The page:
Corrections Officer

Over the past decade, the prisoner population in America has continued to grow. Today, an estimated 2.4 million people are incarcerated in local jails and state or federal prisons. The federal government estimates that local jails process over 13 million offenders each year. Corrections officers help maintain law and order in these correctional facilities. People who fill these difficult criminal justice jobs play a huge role in keeping us safe.

Job Responsibilities

A corrections officer works inside a jail or prison overseeing prisoners. They are responsible for the safety of the prison, inmates, prison workers, and visitors. This work can be incredibly dangerous. Of all the criminal justice jobs, corrections officers have one of the highest rates of on-the job injuries. Each day they interact with the most dangerous elements of our society. These criminals will often try to get into scuffles with guards, and even attempt to break out. A heightened sense of vigilance, an authoritative presence, and knowledge of law enforcement procedures are essential qualities these officers need to possess to be successful and stay safe.

Corrections officers typically work in pairs and may supervise up to 100 inmates. Officers patrol the cell block to ensure prisoners are not planning anything devious. Along with routine security checks, they perform random cell searches. They may be involved in medication distribution and required to watch the prisoner take the medication. Any activities the inmate is permitted (recreation time, library visits, and doctor appointments) are also be monitored by these officers.

Correction officers are responsible for containing disturbances, riots, explosions, or hostage situations that may occur. Meal-time can be one of the most dangerous times of day in a prison since large numbers of inmates are grouped together. Fights often break out, so officers must be prepared to handle any situation that may arise.

These officers do not spend their entire day patrolling the cell block and perimeter of the prison. They may be assigned to monitor close-circuit television, watching the activities of prisoners in the exercise room, yard, or library. Some perform security checks of visitation rooms and verify the credentials of visitors to the facility. Plus, officers have considerable paperwork to complete. Reports, release records, booking, roosters, and logs are maintained by these officers.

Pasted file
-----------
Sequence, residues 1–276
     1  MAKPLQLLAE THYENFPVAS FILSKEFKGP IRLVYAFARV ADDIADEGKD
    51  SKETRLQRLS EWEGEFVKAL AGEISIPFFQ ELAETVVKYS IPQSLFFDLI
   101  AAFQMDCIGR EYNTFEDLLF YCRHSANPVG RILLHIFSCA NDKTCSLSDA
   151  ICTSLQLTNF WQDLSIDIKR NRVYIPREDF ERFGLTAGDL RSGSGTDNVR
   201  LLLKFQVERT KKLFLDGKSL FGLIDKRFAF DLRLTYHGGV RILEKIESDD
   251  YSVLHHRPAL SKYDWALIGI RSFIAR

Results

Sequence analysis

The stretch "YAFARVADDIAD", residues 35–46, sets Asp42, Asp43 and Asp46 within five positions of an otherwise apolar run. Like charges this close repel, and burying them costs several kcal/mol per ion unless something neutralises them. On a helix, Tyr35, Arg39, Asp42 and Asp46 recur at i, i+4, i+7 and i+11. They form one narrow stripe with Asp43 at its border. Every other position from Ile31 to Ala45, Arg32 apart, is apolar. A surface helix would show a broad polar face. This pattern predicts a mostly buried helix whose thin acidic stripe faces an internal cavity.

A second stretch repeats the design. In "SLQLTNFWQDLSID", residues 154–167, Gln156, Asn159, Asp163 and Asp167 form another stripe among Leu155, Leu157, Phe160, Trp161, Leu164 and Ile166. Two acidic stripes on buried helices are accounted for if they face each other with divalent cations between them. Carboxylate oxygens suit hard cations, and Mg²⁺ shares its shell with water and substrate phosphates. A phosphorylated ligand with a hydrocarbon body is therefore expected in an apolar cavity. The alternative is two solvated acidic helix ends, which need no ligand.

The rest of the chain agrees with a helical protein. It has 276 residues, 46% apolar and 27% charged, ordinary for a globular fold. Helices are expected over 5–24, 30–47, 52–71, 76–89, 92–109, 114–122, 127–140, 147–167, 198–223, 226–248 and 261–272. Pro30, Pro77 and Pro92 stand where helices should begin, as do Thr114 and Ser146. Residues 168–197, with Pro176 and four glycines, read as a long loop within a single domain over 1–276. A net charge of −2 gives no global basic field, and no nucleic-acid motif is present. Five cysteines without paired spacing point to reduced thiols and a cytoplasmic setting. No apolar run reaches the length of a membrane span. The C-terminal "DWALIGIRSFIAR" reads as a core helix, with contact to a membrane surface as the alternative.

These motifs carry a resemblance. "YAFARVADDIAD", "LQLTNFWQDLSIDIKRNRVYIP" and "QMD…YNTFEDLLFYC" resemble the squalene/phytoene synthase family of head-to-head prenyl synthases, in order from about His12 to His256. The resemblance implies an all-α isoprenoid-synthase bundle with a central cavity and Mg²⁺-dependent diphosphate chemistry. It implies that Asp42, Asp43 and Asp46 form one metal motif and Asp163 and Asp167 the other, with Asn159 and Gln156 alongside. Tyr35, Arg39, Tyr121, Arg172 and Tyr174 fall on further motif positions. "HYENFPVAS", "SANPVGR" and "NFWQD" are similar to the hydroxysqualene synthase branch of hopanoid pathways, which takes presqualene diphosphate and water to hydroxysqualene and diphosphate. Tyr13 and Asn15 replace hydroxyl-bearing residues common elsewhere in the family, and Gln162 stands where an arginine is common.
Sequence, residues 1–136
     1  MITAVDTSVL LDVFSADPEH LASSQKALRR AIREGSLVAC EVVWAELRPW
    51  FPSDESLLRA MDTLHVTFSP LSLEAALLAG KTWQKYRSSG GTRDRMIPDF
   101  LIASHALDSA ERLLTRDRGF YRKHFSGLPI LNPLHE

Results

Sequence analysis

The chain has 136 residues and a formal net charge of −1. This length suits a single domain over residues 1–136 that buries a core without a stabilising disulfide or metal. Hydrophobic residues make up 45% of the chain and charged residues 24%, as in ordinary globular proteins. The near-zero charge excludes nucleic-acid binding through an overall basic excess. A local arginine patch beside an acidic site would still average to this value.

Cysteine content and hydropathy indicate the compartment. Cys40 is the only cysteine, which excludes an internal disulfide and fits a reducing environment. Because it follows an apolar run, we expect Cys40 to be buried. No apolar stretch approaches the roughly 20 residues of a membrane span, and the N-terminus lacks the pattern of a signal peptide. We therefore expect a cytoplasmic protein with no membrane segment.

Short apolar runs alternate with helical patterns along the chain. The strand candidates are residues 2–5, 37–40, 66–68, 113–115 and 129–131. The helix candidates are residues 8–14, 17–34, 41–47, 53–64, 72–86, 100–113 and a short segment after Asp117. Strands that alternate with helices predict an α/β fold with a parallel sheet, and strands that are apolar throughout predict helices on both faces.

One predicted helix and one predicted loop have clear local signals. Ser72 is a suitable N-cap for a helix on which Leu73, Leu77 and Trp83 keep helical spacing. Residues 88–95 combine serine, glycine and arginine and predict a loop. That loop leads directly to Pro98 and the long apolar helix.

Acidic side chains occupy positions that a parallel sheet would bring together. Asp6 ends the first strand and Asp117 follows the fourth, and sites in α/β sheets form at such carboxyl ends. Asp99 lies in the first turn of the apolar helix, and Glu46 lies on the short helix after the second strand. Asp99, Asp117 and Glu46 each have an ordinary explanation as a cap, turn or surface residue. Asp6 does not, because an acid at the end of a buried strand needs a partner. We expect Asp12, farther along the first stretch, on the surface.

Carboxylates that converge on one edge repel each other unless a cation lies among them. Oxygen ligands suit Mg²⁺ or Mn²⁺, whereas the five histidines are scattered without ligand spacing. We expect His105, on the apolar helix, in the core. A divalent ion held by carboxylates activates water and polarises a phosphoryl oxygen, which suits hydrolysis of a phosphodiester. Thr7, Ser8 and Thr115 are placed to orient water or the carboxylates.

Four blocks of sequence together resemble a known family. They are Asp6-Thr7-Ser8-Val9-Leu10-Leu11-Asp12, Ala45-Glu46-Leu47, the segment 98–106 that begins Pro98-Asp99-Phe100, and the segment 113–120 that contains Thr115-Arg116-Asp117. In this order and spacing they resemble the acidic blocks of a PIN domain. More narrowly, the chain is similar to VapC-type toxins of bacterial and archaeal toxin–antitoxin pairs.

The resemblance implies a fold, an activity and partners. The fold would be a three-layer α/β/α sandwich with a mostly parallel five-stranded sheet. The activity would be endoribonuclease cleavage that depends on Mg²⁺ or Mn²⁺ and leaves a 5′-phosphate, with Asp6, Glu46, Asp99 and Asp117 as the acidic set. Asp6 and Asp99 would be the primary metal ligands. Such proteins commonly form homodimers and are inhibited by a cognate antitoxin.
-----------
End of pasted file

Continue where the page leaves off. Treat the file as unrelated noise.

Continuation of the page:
Educational and Training Requirements

Corrections officers must be United States citizens, at least 21 years old, and have graduated from high school. Some correctional facilities, like the Federal Bureau of Prisons, require a bachelor's degree, but most local and state facilities do not. Taking a few criminal justice classes and having previous law enforcement or military police experience will improve your chances of being hired.

Applying to these jobs often require you to take a written exam, pass a physical fitness test, sit for an oral interview, take a polygraph exam, and undergo an extensive background check. Some facilities may even ask you to undergo a psychological exam.

Facilities provide essential training to new officers. Many facilities enroll officers in a corrections training academy where they learn about laws, officer standards and training, firearms, arrest and control techniques, disciplinary forces, and prison gangs. Training is not limited to new corrections officer. Seasoned officers are periodically required to take classes on updated law enforcement procedures and legal regulations.

Job Outlook and Salary Potential

As the prison population continues to grow, the need for corrections officers will increase. The U.S. Bureau of Labor Statistics estimates these jobs will grow at a rate of 9% over the next ten years. The majority of opportunities will be found in government facilities, but there are a few private companies that also operate correctional facilities. The U.S. Bureau of Labor Statistics estimates that the average salary for a corrections officer is $42,610 a year. Salaries depend on experience, job duties, and the correctional facility you work for.

Last Updated: 04/29/2014